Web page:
A regime of hurt sentiments

rahul gandhi modi adani

As J.M. Coetzee has written, taking ‘offence’ at something is usually a reaction of powerful and oppressive groups in the face of any challenge to their power or the possibility of losing it. Throughout the ages and across the world, the censorship of views, speech, depictions, expression, etc. has been rationalized in the name of ‘morality’, ‘decency’, ‘blasphemy’, and whatnot.

In most of these cases, the authorities entrusted with the task of maintaining morality by policing speech and expression represent and work for the dominant groups of that society, and India is no different. This can explain why a filmmaker can be harassed by online mobs and booked by police for depicting the Brahmanical (‘Hindu’) goddess Kali smoking a cigarette, or why Dalit woman activist Divya Bharathi faces intimidation and criminal charges for her documentary ‘Kakkoos’ on manual scavengers at the hands of Tamil Nadu police. Government critic Mohammad Zubair was picked up and placed in custody simply for sharing a tweet, and then reportedly asked why he only ‘fact checks Hindus’. This clearly shows an understanding of ‘fact checking’ as a discursive tool against the ‘other side’, which may explain the government empowering its press bureau to ‘fact check’ all news online. After some backlash, this will now be done by a ‘self-regulatory body’. Big win, huh?

What do these incidents, and others like them, have in common? A justification for government intervention in acts of expression and speech by citizens. And what is this justification? A perceived ‘insult’ or an act that is construed to be aimed at ‘hurting sentiments’. But what is so holy about ‘sentiments’ that they can’t ever be offended, mocked, or criticized? The opinions, commentary, narratives, and acts of expression emerging from society are bound to be as diverse as that society itself. ‘Sentiments’ encode sociocultural interests. Powerful groups will invariably have their ‘sentiments’ hurt when their dominance is challenged, or when a politically convenient moment arrives.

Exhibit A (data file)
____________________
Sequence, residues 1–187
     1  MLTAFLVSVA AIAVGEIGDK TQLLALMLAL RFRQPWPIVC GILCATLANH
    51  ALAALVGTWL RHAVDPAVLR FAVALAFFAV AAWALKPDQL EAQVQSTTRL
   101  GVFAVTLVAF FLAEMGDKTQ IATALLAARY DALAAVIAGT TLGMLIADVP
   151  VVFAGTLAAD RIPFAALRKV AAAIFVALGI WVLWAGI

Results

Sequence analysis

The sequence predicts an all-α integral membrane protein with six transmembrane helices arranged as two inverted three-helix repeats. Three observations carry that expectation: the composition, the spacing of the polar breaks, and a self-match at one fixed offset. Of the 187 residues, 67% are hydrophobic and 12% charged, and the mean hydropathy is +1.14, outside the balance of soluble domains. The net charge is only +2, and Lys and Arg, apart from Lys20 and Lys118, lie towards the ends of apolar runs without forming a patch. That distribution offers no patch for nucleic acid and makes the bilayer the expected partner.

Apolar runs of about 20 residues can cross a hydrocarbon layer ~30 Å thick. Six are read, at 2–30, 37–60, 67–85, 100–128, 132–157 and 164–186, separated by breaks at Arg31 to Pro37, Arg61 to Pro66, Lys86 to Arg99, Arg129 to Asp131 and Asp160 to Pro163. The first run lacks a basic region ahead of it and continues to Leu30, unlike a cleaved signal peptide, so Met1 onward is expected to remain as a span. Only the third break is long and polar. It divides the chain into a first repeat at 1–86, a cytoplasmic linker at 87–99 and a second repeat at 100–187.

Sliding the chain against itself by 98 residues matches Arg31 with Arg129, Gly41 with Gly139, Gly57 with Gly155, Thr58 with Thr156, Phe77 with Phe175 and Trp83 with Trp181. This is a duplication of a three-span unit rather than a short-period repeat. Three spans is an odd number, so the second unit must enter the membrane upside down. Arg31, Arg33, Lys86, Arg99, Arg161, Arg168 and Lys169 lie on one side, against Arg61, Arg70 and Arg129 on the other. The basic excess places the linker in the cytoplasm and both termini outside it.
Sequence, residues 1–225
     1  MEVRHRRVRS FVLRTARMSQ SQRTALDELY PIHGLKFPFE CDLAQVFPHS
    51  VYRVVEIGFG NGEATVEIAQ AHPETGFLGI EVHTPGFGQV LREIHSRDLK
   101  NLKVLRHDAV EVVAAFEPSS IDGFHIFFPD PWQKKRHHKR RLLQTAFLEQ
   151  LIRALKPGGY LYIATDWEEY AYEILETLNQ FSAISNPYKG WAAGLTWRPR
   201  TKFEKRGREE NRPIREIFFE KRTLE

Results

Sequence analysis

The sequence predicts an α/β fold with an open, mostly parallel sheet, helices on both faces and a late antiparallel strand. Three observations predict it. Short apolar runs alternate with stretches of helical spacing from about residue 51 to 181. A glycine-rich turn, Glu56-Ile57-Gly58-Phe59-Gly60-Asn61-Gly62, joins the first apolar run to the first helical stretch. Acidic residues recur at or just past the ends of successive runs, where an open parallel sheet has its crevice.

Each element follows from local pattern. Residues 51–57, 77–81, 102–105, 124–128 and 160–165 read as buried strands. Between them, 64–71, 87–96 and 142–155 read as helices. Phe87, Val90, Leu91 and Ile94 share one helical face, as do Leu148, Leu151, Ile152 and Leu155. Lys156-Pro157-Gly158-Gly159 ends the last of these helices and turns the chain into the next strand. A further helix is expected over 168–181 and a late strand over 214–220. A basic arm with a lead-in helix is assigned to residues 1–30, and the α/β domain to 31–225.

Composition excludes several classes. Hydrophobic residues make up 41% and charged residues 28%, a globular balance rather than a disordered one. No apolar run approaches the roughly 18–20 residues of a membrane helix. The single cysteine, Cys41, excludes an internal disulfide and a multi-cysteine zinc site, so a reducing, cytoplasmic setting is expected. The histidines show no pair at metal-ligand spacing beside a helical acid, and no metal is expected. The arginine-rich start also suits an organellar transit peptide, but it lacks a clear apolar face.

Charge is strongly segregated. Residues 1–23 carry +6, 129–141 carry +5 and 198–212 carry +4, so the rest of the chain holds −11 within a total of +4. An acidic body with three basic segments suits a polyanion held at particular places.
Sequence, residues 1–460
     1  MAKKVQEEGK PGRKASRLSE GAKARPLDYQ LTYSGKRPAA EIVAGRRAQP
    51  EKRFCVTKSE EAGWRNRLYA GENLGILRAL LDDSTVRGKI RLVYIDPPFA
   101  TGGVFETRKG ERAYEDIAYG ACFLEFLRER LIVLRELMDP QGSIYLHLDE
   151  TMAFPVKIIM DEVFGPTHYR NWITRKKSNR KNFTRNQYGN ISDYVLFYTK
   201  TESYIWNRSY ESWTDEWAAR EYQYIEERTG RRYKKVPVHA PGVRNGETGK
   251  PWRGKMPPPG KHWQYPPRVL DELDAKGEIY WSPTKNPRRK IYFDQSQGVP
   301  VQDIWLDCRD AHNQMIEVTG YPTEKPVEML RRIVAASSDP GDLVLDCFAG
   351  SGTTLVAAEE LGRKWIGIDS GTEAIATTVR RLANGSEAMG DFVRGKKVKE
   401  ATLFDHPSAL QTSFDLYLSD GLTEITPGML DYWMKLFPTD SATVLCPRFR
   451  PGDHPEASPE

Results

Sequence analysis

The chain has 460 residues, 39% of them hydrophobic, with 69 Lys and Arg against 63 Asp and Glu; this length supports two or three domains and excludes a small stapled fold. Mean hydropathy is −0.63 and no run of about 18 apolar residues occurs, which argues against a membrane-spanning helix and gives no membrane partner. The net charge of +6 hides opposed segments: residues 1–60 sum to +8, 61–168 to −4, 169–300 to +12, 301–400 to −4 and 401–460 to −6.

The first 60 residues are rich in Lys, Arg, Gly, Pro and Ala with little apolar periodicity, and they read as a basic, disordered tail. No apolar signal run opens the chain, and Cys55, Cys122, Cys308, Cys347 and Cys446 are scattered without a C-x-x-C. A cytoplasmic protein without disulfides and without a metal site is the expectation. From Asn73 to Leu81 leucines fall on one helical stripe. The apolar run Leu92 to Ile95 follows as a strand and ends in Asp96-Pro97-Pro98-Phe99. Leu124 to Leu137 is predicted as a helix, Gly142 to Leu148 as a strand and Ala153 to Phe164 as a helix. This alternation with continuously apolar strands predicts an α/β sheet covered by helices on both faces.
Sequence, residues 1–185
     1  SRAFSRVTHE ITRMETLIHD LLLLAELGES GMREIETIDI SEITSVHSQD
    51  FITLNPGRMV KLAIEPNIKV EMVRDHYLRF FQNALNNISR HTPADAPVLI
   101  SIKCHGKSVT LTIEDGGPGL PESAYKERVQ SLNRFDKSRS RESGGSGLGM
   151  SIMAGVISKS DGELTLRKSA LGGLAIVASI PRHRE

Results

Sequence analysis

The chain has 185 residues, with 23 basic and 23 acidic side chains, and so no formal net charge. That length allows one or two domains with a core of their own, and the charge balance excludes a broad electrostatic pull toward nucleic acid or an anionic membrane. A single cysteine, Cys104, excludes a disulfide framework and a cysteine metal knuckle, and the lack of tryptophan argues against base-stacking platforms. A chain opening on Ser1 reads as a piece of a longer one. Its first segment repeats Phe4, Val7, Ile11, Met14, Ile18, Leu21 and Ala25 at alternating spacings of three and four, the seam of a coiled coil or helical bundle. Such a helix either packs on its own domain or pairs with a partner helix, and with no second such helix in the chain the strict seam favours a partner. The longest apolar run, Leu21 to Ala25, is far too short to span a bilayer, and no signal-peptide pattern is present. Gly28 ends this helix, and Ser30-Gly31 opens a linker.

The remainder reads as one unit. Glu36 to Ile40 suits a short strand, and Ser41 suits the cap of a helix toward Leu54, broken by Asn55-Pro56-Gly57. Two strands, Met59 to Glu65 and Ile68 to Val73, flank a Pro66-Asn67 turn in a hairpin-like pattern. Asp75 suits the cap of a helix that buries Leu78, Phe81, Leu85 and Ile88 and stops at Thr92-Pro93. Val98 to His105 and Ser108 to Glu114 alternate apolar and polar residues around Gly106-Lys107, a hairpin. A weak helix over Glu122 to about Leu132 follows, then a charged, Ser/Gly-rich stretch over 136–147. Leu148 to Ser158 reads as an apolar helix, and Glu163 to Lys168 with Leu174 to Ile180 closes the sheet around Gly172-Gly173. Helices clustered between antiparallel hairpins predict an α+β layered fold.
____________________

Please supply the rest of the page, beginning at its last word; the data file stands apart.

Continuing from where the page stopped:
A case in point is Salman Khurshid’s book criticizing the ideology of Hindutva and likening it to Islamic terrorism: something that should be allowed unhindered in a democratic country, except that it got his property vandalized on the generally accepted pretext that he ‘hurt’ the sentiments of Hindus through the book. Who benefits from this? A purely political ideology that is excused from competing with other ideas on its own merits, getting a free pass to automatically becoming the default belief that everyone must conform to, i.e., Hindutva and Islamic terrorism are not comparable. I no longer need to be persuaded to believe this, since I am already expected to. If I don’t, I immediately become a member of an ‘other’ group. All the attacks and trolling that often come with not automatically agreeing to the state’s view are predicated on labels: ‘commie’, ‘Congressi’, ‘liberal/libtard’, ‘urban Naxal’, etc.

Remember the noise created about Gurmehar Kaur and her anti-war statements? She was specifically targeted by the regime’s media machine for somehow demoralizing the forces, again forcing a supposed connection between one person’s personal feelings and its imagined effects on an entire group. I wouldn’t even call her stance all that radical or profound. The intense pushback was an exercise in browbeating. It serves to remind the next person not to take up ‘sensitive’ issues, or else face the music.